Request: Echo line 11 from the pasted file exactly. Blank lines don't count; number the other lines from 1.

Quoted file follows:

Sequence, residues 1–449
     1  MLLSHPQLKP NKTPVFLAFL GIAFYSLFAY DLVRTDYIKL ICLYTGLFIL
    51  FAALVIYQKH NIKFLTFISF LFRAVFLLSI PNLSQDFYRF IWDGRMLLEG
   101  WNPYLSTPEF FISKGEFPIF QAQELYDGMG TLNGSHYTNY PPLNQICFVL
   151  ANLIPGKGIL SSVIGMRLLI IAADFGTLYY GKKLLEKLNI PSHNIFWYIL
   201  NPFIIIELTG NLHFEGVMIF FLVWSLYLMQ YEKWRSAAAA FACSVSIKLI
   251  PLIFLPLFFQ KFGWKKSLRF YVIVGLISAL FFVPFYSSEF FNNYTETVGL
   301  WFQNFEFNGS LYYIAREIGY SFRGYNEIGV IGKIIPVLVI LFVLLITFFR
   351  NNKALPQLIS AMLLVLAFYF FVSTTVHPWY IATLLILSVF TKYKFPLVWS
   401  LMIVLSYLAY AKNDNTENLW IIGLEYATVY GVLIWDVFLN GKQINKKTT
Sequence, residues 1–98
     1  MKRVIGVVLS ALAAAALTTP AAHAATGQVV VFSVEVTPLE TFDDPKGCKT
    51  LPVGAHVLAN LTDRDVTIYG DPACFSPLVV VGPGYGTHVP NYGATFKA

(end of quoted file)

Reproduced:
Sequence, residues 1–98